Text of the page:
mpc60

The first MPC: Linn and Akai’s 1988 MPC60

On an engineering level, what’s most important in determining the timing accuracy of hardware drum machines and sequencers? Can you explain how factors like the resolution of the sequencer and the jitter of the clock affect the timing of the music itself?

Regarding sequencer resolution, the LM-1 – used on all of those early hits by Prince, Michael Jackson, and many others – had a sequencer resolution of 48 parts per quarter note. (48 parts per quarter note permits swing variations of 50, 54, 58, 60, 62, 66, 70 and 75%, and I rarely need more swing increments than this.) The Tempest has a resolution of 96 parts per quarter note but almost all of the great grooves it makes don’t use more than 48 parts per quarter note resolution and often no more than 24.

Regarding clock jitter and specifically MIDI Clock jitter, this can be a factor in software drum machines on older computers, especially Windows computers. But in newer, faster computers and especially Macs running newer drum machine software, it doesn’t seem to be an issue.

Can you tell us a little about how you developed the swing option you introduced on the LM-1?

I discovered both swing and note quantizing by accident. RAM was expensive so in my first pre-release prototypes, I tried compressing the drumbeats by only permitting 16th notes, using one byte per 16th note. When I ran my real-time recording code and played the drum buttons in time to the metronome, I noticed that what I had recorded played back on perfect 16th notes, effectively correcting my timing errors, so I decided to call this bug a feature, which I called ‘timing correct’, which the copycats later called ‘quantize’. In considering how to compress swing-time beats, it occurred to me that this could be done by delaying the playback of alternate 16th notes, and by varying the amount of delay I could vary the degree of swing. And so the swing feature was born, which in 1979 I called ‘shuffle’.

When did you first hear people talking about the magic of the MPC’s timing?

I first heard that idea discussed in the early 80s, shortly after I introduced the LM-1. A part of me would love to tell you it’s something ethereal, a sort of secret sauce that only I can achieve. But honestly, nothing more than what I’ve written in the first answer above is required to create great grooves.

I discovered swing and note quantizing by accident... I decided to call a bug a feature.

And how much of that is actually ‘swing’? A lot of people use ‘swing’, ‘groove’ and ‘timing’ interchangeably despite the fact they have quite distinct meanings.

Swing is the most important factor. You should see the smiles that spontaneously appear when people get a Tempest and simply adjust that little swing knob in real time while the beat plays.

One of the most common cliches about analogue synthesis is that the minor tuning inaccuracies and imprecisions make the sound more appealing. Psychoacoustically, is there any weight to that argument in terms of sequencer timing? Do humans actually enjoy slightly imprecise timing or is it just the more deliberate imprecision of a live musician that’s appealing to us?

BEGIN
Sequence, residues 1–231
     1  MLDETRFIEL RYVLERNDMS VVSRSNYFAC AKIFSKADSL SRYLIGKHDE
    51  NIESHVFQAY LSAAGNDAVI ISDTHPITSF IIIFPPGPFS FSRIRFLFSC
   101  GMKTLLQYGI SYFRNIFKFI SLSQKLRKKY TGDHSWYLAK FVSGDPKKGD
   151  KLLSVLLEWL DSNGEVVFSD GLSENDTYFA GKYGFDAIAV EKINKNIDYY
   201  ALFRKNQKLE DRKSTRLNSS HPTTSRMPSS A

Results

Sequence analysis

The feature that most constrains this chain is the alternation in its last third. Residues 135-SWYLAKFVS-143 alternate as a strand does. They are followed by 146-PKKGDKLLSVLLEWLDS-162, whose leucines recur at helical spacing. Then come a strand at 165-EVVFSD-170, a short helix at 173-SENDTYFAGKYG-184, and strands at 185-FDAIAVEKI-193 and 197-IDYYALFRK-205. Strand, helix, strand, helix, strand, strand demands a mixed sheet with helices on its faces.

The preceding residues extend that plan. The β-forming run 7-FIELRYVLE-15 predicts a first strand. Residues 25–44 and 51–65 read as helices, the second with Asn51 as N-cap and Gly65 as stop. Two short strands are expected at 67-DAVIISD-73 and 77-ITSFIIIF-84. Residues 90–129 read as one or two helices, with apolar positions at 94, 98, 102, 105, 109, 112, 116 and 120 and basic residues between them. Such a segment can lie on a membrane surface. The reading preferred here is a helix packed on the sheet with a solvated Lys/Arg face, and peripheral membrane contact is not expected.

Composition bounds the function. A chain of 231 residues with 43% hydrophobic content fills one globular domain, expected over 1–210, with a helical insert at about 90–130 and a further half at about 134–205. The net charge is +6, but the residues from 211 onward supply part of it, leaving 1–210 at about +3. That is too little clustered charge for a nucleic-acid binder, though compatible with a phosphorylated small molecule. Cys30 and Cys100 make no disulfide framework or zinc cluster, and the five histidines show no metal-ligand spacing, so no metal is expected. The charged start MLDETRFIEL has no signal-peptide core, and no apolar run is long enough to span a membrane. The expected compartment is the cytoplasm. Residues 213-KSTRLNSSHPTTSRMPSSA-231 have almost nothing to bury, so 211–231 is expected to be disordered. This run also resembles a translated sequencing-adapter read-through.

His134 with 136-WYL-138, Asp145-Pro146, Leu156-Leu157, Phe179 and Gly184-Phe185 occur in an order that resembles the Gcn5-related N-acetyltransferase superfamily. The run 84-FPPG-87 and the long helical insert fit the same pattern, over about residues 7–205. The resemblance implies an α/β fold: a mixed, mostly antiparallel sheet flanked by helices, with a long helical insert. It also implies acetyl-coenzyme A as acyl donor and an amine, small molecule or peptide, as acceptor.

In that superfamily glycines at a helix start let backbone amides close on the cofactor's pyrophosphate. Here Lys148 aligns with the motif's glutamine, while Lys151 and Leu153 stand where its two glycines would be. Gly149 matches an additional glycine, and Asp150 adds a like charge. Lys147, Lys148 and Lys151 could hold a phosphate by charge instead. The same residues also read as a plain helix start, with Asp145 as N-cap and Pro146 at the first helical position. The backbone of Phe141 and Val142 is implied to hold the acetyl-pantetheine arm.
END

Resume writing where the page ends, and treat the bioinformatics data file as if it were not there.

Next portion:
Personally, I don’t think anything significant is gained by randomising playing timing. I tried this before my first drum machine and it didn’t help much. And all the great grooves that were created on my drum machines never used any such randomisation.

People talk about the Atari ST having the most precise MIDI timing of any computer-based sequencing platform. Do you think we’ve gone backwards in terms of precise timing as so many of us have moved to DAW-based sequencing?

No. Again, on a newer computer (especially a Mac) running newer software, timing really isn’t an issue.

How does that compare to DAWs and computer-based sequencing approaches? Is dedicated hardware still inherently more precise than a software sequencer running on a Mac or PC?

In newer computers – especially Macs – running well-written sequencer or drum machine software and playing quality MIDI drum pads with good dynamic response, it’s certainly possible to create excellent grooves. But consider that by researching, choosing and configuring these different components, you’re essentially designing your own drum machine. Plus, the likelihood that the dynamic response of the drum pads will match that of the software’s drum sounds isn’t always a given. Further, you don’t get the note repeat (roll) feature with external MIDI drum pads, which I think is very important to creating natural-sounding grooves. Finally, consider that after configuring all the MIDI settings, the inspiration may be gone. I think the computer route is fine if you’re good at the technical part.

On a newer computer (especially a Mac) running newer software, timing really isn’t an issue.

Which way do you think we’re heading in the future? Are people prepared to sacrifice ultra-precise MIDI timing in return for other features or will we see a return of more precise timing?

I don’t see much imprecise timing these days. For the future, I think we’ll see the drum machine continue to evolve as a live performance instrument, as opposed to an offline production editing product. This was my focus with Tempest, the ability to develop highly nuanced personal gestures for real-time drum machine performance. There are some wonderful drum machine players out there with some highly evolved performance gestures.

Author Greg Scarth & Roger Linn
2nd July, 2013

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